|DESIGNED WITH PASSION - MADE WITH INTEGRITY|
The business began over two hundred years ago at a small farm called Remony, on the banks of Loch Tay near Aberfeldy, Perthshire. Alexander Macnaughton had worked as a tenant farmer, but in 1783 he decided to set up a small spinning mill to process both his and his neighbour's wool. Later two of his six sons took over and continued the trade at Remony until 1835. In that year, Alexander's grandson William moved to Pitlochry in the next valley, took a lease on some ground beside the Moulin Burn, and set up a new spinning and weaving company. The move took advantage of the 'Age of the Railway', with Pitlochry being on the main railway line to the north.
On his death in 1857, William's two younger sons, Alexander and James formed a partnership with their mother Anne, and the firm of A & J Macnaughton was born. In addition to operating the woollen mill, the brothers opened a shop to cater for the needs of the ever expanding local townsfolk. The shop not only sold the wares from the mill, but also had what must have been one of the Highland's earliest delicatessens.
The shop became rather well known and even enjoyed Royal patronage. Queen Victoria travelled through Pitlochry on her trips north to Balmoral and she and John Brown were frequent visitors. On one occasion a rug was purchased in preparation for a cold trip on horseback, through Glenshee to Braemar. For many years the shop proudly displayed a telegram from the Palace stating, "The Queen is much pleased with the rug".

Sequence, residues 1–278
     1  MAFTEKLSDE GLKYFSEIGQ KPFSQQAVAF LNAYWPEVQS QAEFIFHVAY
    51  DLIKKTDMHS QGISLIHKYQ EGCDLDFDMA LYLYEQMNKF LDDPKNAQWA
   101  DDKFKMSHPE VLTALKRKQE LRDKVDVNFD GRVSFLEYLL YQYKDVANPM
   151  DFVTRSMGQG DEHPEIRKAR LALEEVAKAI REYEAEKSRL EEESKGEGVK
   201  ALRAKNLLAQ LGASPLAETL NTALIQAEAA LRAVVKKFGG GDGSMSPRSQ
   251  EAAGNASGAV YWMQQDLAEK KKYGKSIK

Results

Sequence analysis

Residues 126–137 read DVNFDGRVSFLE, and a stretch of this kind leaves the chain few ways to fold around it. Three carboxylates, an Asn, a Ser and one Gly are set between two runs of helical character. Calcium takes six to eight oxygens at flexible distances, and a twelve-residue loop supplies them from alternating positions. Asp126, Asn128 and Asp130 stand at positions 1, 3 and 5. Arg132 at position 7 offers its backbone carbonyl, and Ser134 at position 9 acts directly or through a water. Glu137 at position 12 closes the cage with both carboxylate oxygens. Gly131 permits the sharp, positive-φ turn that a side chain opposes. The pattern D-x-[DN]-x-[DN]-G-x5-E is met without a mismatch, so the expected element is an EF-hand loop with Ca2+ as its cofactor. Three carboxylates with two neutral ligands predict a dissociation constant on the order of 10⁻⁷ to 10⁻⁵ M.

The Firm continued to prosper during the Alexander and James years and with James' death in 1916, Alexander became the sole partner. He was joined by his sons Arthur in 1920 and Alan in 1924. Alexander's death in 1929 meant that the business had now successfully passed into the hands of the fifth generation. Although Arthur retired from the business in 1936, he rejoined his brother to "help out" during the war years. The Second World War was generally kind to textiles and the firm prospered throughout, manufacturing blankets and fabrics for the forces and tweeds for everyday life.
Following the death of Alan in 1951, management of the firm passed to his only son Blair C Macnaughton, who had trained at the Scottish Woollen Technical College in Galashiels following his demobilisation in 1946, and who had joined his father in Pitlochry a year earlier. The business was subsequently incorporated as a private limited company 1957.
During the 1960's a period of diversification took place, with the Company taking over an Edinburgh based fabric wholesaler, The House of Edgar (Edinburgh) Limited and a Dumfries based weaver, The Isle Mill Limited. This latter company had been established by the Keswick family (of H.S.B.C fame) in a worthy bid to employ returning servicemen after the war. These two new businesses were moved to Pitlochry and Aberdeen respectively.
The 1970's saw the huge growth of the tourist industry in Pitlochry, and this in turn led to an ever decreasing pool of labour, willing to work in the textile industry, and with the shortage of housing for textile workers, recruiting from outside the area was not an option. In 1983 the decision was therefore taken to close the Pitlochry mill and the production was transferred to The Isle Mill in Aberdeen.